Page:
Lot 312
  • 312

Jakob Philipp Hackert

60,000 - 80,000 USD
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  • Jakob Philipp Hackert
  • Tivoli, a view of the Great Cascade
  • signed, dated and inscribed lower left: Le grand Cascatelle a Tivoli / Filippo Hackert depince 1789.
  • oil on canvas
  • 97 x 66 cm


Possibly painted for Count Andrey Razumovsky (1752-1836);
Anonymous sale, Lucerne, Galerie Fischer, 8 November 2006, lot 1082, where acquired.


C. Nordhoff, Jakob Philipp Hackert, Briefe (1761-1806), Gottingen 2012, p. 437, reproduced fig. 19.


The following condition report has been provided by Simon Parkes of Simon Parkes Art Conservation, Inc. 502 East 74th St. New York, NY 212-734-3920, simonparkes@msn.com, an independent restorer who is not an employee of Sotheby's. This work has a recent Italian lining and a new stretcher. The cracking is very slightly raised in the waterfall and in the landscape above. There seems to be no visible abrasion. There are a few small dents or punctures running horizontally across the top of the hill in the distance and in the sky in the upper right and upper left. These have not been restored and could be attended to. There are a few spots of retouching at the top of the waterfall on the right side, in the mist above the waterfall in the center, in the lower right corner, and in a few spots in the dark tree trunk directly above the cows in the lower center. The retouches are very minimal. If the small depressions in the sky were restored, the picture could be hung as is.
"This lot is offered for sale subject to Sotheby's Conditions of Business, which are available on request and printed in Sotheby's sale catalogues. The independent reports contained in this document are provided for prospective bidders' information only and without warranty by Sotheby's or the Seller."

Catalogue Note

During his years in Rome, Hackert made sketching expeditions to the surrounding countryside and, as with so many of the landscape painters of the period, was drawn to the spectacular geography and waterfalls of Tivoli.  He painted numerous depictions of the scenery there which were in high demand by his clients. Two of Hackerts’s Tivoli views were acquired for the Tsar’s collection in St. Petersburg (now in The Hermitage) and another for Count Reventlow for his manor house at Emkendorf.1  According to Dr. Claudia Nordhoff (see Literature), the present Tivoli view may have been painted for Hackert’s friend, Count Andrey Razumovsky (fig. 1), the former Russian envoy at Naples, who would later become an important patron of Beethoven.  In a letter of 11 March 1786 from Hackert to the Count, he refers to an order for a view of the cascade at Tivoli and it is possible that this painting, dated three years later, could be that picture.  During the period between 1786 and 1789, when this painting is dated, Hackert was already working on a major project for King Ferdinand, a series depicting the ports of the Kingdom of Naples, and this could account for the delay.  Goethe’s biography of the artist recounts how the artist was overwhelmed by orders and clients often had to wait years for their paintings.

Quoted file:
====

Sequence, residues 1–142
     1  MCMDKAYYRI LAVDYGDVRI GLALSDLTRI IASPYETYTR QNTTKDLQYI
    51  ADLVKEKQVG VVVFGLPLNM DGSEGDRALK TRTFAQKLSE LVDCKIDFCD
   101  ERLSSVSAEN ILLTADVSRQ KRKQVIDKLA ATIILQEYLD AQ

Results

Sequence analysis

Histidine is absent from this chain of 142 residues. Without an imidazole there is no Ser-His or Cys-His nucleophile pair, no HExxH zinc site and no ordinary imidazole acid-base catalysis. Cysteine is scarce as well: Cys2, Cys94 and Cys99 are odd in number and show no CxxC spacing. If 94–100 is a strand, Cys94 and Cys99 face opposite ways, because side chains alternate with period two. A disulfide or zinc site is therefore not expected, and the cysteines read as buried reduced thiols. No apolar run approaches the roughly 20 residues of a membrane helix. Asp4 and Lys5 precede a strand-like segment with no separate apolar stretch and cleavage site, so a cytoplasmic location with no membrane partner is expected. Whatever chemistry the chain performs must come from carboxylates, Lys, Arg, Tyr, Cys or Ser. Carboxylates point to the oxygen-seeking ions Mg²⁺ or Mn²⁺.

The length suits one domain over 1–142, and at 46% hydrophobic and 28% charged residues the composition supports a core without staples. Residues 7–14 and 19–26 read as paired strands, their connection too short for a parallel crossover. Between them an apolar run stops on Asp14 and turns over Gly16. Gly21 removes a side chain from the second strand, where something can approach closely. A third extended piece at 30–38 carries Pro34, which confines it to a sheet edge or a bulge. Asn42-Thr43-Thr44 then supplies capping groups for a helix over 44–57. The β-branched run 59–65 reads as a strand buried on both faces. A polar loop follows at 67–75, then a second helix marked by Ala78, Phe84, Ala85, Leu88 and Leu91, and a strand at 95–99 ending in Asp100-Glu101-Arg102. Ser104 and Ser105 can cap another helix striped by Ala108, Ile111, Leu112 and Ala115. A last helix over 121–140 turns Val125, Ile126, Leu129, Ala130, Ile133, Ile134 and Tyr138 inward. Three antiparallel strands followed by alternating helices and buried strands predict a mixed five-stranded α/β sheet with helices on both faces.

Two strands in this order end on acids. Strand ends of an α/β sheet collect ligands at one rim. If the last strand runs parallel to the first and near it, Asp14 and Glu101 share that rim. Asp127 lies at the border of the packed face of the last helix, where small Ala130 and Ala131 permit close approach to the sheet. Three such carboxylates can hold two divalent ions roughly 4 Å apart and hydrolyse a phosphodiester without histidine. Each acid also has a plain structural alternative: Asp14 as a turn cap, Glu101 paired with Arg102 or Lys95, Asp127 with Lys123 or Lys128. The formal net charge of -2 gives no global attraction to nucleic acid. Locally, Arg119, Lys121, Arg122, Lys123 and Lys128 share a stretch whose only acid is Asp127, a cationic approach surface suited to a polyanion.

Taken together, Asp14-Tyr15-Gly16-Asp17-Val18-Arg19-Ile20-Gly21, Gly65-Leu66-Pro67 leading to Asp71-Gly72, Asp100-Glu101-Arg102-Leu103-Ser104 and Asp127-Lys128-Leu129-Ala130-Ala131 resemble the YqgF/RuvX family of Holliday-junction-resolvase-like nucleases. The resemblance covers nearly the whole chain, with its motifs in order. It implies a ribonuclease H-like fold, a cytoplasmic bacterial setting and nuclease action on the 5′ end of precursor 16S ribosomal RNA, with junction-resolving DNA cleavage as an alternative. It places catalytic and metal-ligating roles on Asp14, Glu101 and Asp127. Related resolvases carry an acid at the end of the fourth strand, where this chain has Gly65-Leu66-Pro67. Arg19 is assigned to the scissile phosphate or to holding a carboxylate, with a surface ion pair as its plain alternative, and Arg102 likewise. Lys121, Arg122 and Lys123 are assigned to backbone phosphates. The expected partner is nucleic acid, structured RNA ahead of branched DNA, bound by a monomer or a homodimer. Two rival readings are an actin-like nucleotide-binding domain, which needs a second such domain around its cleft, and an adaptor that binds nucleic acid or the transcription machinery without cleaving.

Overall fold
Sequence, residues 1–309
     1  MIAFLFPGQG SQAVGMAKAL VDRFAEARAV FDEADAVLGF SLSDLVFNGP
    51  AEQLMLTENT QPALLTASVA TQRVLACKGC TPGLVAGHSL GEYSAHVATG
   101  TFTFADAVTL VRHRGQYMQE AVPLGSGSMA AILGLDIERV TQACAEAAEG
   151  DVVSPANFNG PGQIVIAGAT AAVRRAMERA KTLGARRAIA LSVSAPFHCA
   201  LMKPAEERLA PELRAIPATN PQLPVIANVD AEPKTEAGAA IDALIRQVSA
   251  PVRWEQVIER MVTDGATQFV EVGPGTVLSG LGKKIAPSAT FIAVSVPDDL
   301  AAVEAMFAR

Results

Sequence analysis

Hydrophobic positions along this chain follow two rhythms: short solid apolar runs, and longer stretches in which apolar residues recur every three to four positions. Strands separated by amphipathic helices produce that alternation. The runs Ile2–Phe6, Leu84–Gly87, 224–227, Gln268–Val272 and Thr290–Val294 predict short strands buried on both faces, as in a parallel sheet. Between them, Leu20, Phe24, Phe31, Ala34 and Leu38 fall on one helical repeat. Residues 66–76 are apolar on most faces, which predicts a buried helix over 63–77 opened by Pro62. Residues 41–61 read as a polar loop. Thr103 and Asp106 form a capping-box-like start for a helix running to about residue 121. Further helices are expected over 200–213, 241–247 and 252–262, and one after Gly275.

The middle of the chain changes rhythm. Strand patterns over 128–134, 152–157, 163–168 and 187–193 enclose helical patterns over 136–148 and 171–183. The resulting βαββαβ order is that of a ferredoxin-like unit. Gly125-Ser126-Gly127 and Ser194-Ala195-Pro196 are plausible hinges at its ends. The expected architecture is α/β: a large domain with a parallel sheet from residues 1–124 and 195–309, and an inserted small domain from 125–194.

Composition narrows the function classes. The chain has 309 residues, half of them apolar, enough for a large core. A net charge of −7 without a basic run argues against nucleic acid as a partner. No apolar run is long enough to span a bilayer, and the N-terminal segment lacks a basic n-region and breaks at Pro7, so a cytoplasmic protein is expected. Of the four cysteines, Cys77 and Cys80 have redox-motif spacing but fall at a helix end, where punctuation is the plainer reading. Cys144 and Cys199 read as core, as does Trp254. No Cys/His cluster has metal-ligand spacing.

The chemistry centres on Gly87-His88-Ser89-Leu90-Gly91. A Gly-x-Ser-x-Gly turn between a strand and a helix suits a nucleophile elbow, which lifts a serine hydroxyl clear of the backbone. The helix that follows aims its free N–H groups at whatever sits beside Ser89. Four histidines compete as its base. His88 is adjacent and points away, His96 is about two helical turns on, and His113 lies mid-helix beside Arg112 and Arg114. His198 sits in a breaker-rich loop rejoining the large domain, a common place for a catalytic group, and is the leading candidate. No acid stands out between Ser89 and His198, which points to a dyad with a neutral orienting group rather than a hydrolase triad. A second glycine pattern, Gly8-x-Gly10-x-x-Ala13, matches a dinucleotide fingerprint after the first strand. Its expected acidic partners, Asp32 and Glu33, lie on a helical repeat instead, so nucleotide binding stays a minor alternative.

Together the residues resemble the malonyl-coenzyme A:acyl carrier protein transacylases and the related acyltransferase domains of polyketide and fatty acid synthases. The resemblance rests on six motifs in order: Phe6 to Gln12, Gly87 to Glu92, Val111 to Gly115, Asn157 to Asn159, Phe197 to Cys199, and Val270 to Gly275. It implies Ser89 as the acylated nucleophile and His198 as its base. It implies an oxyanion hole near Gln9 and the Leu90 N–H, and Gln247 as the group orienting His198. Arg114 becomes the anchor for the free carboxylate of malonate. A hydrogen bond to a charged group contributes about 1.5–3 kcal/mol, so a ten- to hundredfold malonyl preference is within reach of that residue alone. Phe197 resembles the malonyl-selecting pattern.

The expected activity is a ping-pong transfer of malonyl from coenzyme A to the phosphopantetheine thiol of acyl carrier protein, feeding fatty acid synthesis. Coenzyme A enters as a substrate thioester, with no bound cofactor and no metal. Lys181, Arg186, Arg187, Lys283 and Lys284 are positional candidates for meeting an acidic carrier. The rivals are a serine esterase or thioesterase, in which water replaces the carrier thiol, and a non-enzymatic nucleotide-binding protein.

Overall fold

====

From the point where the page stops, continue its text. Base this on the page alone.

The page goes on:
This painting is accompanied by a copy of an expertise by Dr. Claudia Nordhoff dated 29 August 2006.  Dr. Nordhoff concludes that:  “Das Bild lässt sich als Meisterwerk Hackerts bezeichnen und bildet eine wertvolle Bereicherung der Werkgruppe mit Ansichten der grossen Cascatelle in Tivoli; sowohl in der Farbgebung als auch in der hervorragenden Wiedergabe des Wasserfalls und der pflanzlichen Details gehört es zu den Höhepunkten von Hackerts Schaffen (The picture can be described as a masterpiece by Hackert and constitutes a valuable addition to the group of views of the great waterfall at Tivoli; both in color and in the excellent rendering of the waterfall and the plant details, it is among the high points of Hackert's work).”

1.  See C. Nordhoff and H. Reimer, Jakob Philipp Hackert 1737-1807, Verzeichnis seiner Werke, Berlin 1994, vol. I, pp. 75 and 92-93, cat. nos. 169 and 204, reproduced vol. II, fig. 85 and color plate 26, respectively.